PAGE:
As companies take more steps to make their operations sustainable, they begin holding their suppliers to higher standards. Unfortunately, the green supply chain can still fizzle out when it comes to charitable giving. A simple school supply giveaway, for example, can involve conventional manufacturing, transportation and distribution systems -- and all of the carbon-loaded, resource-draining baggage that comes along with them.
On the plus side, there is a growing movement to provide more sustainable pathwways for corporate giving. The organization Operation Warm is one good example. Since 2002, Operation Warm and its partners have donated more than two million brand new winter coats directly to children in need, and this year it is offering a new green twist: coats made with recycled PET #1 plastic bottles.
Triple Pundit was curious what motivated Operation Warm to provide a sustainable alternative to donors, and their communications team provided an answer from Grace Sica, Vice President of Corporate Partnerships:
Operation Warm has a simple mission: we provide children in need a brand new coat. We are committed to continuous innovation around that mission. This year our decision to use recycled PET was driven by the increasing global awareness about the overuse of plastic. Starbucks is eliminating straws, municipalities are banning plastic bags and we are using recycled plastic to make our coats.
We believe sustainable principles should be a guiding force in all business and charitable activities. Too often sustainable products are marketed as a niche or high end good. We are in a unique position to make sustainable apparel available to children living in poverty and at low income. These children are going to be so excited to know that they are getting more than a coat. With these coats we are also building future environmental stewards.
Sustainability has so many facets that we work to improve. Using [recycled] PET helps us support the UN Sustainable Development goals in several ways. Reducing the use of virgin fibers and preventing plastics pollution are pretty obvious ways that fabrics with recycled content positively effect our contribution to Climate Action, Life Below Water and Life on Land.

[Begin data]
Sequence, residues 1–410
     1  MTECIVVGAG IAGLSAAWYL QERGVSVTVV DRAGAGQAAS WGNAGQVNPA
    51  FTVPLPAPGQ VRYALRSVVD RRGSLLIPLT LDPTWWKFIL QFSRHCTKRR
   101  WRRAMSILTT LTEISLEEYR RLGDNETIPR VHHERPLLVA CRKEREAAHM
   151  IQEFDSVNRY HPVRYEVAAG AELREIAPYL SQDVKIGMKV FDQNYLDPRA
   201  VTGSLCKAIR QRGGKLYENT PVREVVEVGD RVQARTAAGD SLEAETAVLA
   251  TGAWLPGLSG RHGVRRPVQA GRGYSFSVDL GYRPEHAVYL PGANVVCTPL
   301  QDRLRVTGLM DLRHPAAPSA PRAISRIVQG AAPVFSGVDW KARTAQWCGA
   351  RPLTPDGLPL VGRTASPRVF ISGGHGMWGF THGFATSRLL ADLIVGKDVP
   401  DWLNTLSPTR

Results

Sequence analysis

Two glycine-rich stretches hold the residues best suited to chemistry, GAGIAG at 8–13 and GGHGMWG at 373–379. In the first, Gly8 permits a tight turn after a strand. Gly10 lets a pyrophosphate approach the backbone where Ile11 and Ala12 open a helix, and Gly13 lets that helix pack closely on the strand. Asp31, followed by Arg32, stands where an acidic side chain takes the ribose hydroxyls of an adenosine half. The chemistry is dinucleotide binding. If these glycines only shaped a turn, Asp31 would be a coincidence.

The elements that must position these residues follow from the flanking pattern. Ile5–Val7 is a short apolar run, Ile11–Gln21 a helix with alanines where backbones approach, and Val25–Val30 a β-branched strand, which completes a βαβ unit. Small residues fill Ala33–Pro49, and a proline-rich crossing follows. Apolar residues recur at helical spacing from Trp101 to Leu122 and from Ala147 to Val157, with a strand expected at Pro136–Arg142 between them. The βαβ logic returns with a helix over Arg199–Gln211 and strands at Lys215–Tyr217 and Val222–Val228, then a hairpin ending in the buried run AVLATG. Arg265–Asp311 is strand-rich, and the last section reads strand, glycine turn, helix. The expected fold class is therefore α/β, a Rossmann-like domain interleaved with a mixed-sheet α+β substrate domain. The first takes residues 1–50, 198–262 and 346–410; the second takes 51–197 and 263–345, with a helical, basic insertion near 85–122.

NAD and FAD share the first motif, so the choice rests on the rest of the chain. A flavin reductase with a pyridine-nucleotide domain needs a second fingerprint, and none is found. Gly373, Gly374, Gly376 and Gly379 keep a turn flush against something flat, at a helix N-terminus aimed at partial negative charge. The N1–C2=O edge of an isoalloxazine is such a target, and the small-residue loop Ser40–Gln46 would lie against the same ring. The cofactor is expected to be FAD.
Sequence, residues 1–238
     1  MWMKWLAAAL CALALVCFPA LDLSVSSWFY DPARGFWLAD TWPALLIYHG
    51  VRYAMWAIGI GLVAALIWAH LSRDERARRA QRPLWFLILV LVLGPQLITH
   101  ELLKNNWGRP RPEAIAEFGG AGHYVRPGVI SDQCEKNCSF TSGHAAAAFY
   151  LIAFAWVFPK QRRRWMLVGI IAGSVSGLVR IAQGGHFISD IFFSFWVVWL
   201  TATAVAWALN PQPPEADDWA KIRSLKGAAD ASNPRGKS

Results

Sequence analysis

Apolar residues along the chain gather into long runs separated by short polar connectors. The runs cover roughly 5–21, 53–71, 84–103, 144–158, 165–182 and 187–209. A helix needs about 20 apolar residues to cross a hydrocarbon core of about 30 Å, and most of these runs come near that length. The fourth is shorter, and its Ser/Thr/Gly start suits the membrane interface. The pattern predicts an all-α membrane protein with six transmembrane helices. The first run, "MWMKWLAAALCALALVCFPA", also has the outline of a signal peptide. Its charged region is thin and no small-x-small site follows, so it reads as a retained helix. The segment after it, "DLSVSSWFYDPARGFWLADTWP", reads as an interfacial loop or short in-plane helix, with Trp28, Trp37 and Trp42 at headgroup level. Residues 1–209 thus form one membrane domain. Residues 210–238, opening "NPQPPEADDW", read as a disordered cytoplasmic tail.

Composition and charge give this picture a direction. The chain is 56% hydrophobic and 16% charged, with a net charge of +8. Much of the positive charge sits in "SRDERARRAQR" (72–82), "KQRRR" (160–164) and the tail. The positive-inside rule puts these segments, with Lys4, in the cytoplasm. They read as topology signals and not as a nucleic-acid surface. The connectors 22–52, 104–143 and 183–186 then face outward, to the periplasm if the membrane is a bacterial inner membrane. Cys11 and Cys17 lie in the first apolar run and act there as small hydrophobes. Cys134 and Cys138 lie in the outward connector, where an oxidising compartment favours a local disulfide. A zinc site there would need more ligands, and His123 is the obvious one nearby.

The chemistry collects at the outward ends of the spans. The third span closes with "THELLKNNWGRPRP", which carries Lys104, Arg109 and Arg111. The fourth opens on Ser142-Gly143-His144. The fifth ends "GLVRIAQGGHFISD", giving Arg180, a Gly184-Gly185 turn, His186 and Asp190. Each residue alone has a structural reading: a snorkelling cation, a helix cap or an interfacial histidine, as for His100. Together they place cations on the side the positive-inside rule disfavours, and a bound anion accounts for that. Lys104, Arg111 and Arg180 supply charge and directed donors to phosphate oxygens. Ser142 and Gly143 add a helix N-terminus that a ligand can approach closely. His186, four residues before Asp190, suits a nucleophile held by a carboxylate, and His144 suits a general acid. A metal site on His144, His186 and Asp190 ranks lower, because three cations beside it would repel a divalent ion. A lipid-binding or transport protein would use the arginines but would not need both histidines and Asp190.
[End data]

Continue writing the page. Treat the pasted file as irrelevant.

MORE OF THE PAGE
Less obvious but equally important are Industry Innovation and Responsible Production, which are efforts that we help move forward through our Green Guardian manufacturing.
Instead, the organization is focused on the child's experience of a brand new coat. Anyone familiar with the seasonal rite of gearing up for another winter will recognize the significance of a brand new coat to a growing child, especially if hand-me-downs are the norm.
To achieve that holistic focus on experience, Operation Warm works closely with manufacturing partners to ensure quality control. Children who receive the coats also get to select from a collection of up-to-date colors and patterns.
Now that the Green Guardian option has become part of the experience, Operation Warm could leverage the sustainable giving approach to expand its sustainability initiatives.
So far the organization has focused on its internal operations. For example, Operation Warm has decentralized its distribution system, helping to cut down on carbon emissions (and expenses) related to staff travel. Instead of sending in-house personnel around the country, Operation Warm has amassed a network of more than 800 local partners who manage its distribution events.
Another initiative in the works is the creation of a Volunteer Brigade, which will enlist local volunteers to manage events for coat donors.
As for taking the sustainability message to its corporate partners, there are opportunities in that area, too. Among the organization's supporters are the party goods supplier Unique Industries, the California-centric fashion brand Hollister and the Dunkin' Donuts franchisee Cafua Management Company.
It's also worth noting that another partner, FedEx, has already established itself in the vanguard of carbon action. The company's name is associated with the early adoption of green roofs, electric vehicles and high profile solar installations.
Image: via Operation Warm.
Tina writes frequently for TriplePundit and other websites, with a focus on military, government and corporate sustainability, clean tech research and emerging energy technologies. She is a former Deputy Director of Public Affairs of the New York City Department of Environmental Protection, and author of books and articles on recycling and other conservation themes. She is currently Deputy Director of Public Information for the County of Union, New Jersey. Views expressed here are her own and do not necessarily reflect agency policy.